Ask a Question, Then Let Them Answer It

Asking a Question (all rights reserved)

When you ask a question, please wait for it to be answered.

I was listening to a podcast from the ABC' (Australian Broadcasting Commission) Big Ideas series yesterday. Bret Easton Ellis was being interviewed by Simon Marnie at the Byron Bay Writers Festival in 2010.  It was a great interview in which Ellis said a lot about how and why he writes.  The interviewer saved a question for last.  It was a question from his 17 year old son, who had been studying Ellis's American Psycho at high school.  We waited with bated breath for the question to be asked.  The interviewer took questions from other people first, and then posed his son's question.  Ellis said it was the best question of the session, people laughed and applauded, and then the interviewer closed the interview.  He did not let Ellis answer the question, even after it had been identified as the best question of the interview.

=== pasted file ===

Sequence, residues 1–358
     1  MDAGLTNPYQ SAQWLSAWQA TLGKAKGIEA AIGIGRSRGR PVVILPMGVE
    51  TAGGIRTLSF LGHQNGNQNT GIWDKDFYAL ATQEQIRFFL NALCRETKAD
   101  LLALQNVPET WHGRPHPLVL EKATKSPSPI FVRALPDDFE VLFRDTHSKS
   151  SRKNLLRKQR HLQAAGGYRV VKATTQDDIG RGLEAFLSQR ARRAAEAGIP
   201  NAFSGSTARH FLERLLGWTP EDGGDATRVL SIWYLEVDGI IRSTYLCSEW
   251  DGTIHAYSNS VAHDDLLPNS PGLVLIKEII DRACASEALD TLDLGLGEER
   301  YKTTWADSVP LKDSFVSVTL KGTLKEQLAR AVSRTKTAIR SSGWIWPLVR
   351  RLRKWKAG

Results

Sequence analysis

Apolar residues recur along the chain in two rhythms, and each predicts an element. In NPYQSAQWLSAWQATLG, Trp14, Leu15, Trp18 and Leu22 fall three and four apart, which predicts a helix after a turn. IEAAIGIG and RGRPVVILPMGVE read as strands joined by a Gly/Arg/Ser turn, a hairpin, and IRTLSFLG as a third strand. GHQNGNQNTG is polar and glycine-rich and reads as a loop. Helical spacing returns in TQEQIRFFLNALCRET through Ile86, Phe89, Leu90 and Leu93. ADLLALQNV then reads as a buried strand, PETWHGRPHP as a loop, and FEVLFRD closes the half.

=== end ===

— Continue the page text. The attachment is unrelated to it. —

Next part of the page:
I appreciate that the interviewer may have been following the maxim, 'always leave them wanting' (attributed to both Walt Disney and PT Barnum).  But I saw it as a lost opportunity to learn more about this fascinating and complex writer.

You really need to know a bit about Ellis's work to appreciate the question.  The question was, 'Why are you such a sick f--k?'

Some people will think a while before responding.  This may be uncomfortable for you, but assuming your question was valid and useful it is probably not uncomfortable for them.  So be prepared to wait, and then listen with all of your being to the response.

I think this also applies to the sometimes overused technique of asking 'rhetorical questions'.  As a facilitator, I'd rather ask a genuine question and listen to the answer, than pose a question without giving that opportunity.

(The podcast is available here.)